Deadlifts: 10 (Stiff-legged), 5, 5, 3, 3, 1 (standard).

Walking Lunges: 4 sets x 100 feet. You will need some space to work – if you can find a 20-foot hallway and can traverse it 5 times total, that’s fine. Alternate your lead foot, keeping your upper body upright and your hands on your hips (to avoid resting them on bent knees).

Planks: 3 sets of 45 seconds, followed by 1 set to failure.


Push & Pull 2

Pull-Ups: 4 sets to failure.

Seated Military Dumbbell Press: 8, 8, 6, 6, 4.

Incline Barbell Bench Press: 10, 5, 5, 3, 3, 1.

One-Arm Dumbbell Rows: 4×8 (per arm).

Diamond Push-Ups: 20, 15, 10, 5. If you cannot perform the prescribed reps, go to failure (diamond push-ups are much more difficult, especially for novices.)

Reverse-Grip Chin-Ups: 4x failure. With a close, reversed grip (palms facing your body), lower yourself to full elbow extension slowly on the descent. Contract your shoulder blades before lifting yourself, concentrating on using your back to begin momentum and your biceps as assistance.

WORKOUT WEDNESDAY: Skip Curls, Build Your Biceps


Everyone wants impressive biceps — but are curls the best way to get them?

If there’s one image that’s synonymous with what novices think of when they think of weight lifting, it’s the figure of a python-armed bodybuilder curling a dumbbell. The biceps are the premier glamour muscle of the entire body — an eye-popping pair of upper arms is usually one of the first things people notice when they take in the sight of an in-shape person (who has a shirt on, anyway).

Functionally speaking, though, your biceps really don’t do much on their own. Outside of the gym, when was the last time you used only your upper arms to move or lift something? If it was heavy, you were recruiting your back muscles and forearms; if it was lighter, you probably didn’t need to use a curling motion in any form whatsoever. People joke about “12 oz. curls,” but seriously: Name another day-to-day movement that involves simply bending at the elbow to lift an object about a foot?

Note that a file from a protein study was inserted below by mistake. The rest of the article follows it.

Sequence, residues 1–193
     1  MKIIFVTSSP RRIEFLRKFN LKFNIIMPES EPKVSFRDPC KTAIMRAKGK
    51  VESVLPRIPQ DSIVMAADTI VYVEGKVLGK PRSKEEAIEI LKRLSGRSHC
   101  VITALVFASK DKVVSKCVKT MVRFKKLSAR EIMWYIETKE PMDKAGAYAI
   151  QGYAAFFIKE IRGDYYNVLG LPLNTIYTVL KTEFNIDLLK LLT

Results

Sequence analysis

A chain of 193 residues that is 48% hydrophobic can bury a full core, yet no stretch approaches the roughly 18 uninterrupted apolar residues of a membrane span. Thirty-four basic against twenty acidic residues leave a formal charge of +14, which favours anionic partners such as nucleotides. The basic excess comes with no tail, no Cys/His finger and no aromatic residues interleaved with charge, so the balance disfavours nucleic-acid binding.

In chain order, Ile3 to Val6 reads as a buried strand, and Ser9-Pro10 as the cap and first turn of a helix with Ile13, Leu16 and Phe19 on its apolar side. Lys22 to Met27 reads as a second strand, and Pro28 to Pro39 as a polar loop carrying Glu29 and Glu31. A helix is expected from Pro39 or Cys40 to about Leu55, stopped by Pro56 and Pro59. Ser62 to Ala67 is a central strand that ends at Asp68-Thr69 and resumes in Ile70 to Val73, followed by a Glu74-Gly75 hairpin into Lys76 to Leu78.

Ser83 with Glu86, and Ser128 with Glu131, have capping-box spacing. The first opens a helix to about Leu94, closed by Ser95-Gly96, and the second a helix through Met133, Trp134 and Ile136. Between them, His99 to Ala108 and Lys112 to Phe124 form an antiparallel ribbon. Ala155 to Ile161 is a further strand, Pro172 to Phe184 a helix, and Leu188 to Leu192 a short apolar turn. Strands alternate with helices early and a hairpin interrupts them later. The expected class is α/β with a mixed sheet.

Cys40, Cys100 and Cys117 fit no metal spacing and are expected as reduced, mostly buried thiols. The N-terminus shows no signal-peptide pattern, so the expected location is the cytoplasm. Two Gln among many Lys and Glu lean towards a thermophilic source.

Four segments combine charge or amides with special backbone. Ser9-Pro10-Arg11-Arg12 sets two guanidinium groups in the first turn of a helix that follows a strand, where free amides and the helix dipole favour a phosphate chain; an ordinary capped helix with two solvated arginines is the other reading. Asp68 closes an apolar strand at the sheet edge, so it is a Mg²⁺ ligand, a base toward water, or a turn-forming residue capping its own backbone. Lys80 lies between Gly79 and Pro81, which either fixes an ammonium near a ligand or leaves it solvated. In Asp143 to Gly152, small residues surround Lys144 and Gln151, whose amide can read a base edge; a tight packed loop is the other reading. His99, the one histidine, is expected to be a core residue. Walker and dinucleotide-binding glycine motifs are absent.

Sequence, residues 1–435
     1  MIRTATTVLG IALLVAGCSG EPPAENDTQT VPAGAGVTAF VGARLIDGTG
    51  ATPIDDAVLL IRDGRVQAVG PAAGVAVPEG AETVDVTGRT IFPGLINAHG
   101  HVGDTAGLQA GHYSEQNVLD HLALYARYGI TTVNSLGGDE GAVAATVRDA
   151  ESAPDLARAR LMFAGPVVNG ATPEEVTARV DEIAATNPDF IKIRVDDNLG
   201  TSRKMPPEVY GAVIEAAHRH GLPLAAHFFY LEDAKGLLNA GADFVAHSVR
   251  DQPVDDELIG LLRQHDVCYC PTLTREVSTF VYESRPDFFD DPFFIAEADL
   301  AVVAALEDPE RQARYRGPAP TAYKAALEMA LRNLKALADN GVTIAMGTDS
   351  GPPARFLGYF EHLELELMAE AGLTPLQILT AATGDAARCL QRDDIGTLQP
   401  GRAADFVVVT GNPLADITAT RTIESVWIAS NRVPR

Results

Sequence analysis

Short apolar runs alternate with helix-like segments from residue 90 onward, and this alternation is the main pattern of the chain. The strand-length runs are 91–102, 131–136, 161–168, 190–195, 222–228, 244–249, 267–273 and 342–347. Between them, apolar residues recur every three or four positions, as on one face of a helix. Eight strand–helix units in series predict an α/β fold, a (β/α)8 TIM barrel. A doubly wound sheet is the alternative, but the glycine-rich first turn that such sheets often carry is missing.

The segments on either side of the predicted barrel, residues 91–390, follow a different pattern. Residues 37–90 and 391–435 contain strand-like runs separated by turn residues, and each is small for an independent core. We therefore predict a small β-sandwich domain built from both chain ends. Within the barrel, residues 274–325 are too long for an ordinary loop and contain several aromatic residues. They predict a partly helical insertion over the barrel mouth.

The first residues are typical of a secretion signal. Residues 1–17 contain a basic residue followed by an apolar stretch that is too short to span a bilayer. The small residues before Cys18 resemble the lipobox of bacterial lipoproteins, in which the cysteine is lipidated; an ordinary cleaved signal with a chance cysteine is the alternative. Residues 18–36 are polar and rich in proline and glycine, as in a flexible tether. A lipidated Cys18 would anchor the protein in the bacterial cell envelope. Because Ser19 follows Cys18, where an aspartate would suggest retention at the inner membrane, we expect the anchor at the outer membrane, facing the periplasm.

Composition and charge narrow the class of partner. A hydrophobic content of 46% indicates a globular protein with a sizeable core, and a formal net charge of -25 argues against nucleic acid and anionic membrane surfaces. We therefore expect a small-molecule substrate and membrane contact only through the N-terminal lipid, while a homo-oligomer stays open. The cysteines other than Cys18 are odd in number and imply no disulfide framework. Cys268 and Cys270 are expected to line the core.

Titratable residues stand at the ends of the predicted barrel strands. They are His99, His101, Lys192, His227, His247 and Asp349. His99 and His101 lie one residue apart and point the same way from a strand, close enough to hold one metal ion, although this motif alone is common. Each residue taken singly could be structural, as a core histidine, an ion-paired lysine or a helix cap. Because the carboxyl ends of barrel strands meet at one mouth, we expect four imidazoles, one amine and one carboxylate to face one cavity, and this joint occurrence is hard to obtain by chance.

You can still build big, strong upper arms without donating a bunch of time to curls. Do you have to? Of course not. If you really enjoy wrecking your biceps once or twice a week, don’t let us stop you. But if you’d like to be a little more efficient, consider these alternatives that will not only tax your biceps, but do so functionally.

Pull Your Weight. Literally — just do pull-ups. Your grip and hand placement determine how you’re hitting your biceps on this classic movement, and it’s one of the most functional there is. Trying to build up your biceps peak? Close, reverse grip pull-ups will do the trick.

Want to simulate a reverse curl, to hit the whole biceps area and recruit your forearms, too? Standard-width overhand chins are the ticket. Even Hammer curls are bested by a neutral-grip pull-up.

The top reason people tend to avoid back movements like chin-ups and pull-ups is that, they argue, the back is doing all the work. Wrong. The larger muscles in the body will always tire well after the smaller ones, and there is no comparison between the orange-sized biceps and massive slabs of muscle the back makes up — in other words, your grip, forearms and biceps will all fail before your back does. The weak link in any chain is the first to break down — meaning that in doing pulling exercises to build your arms, your lats, traps, rear deltoids and rhomboids are all working as “backup” (sorry, we had to say it) as your biceps do the work. Once they’re tired, your back takes over fully, up to the point that your grip simply won’t allow it.

Bottom line: Curls will get you bigger biceps. Real, functional pulling movements will get you bigger, stronger biceps.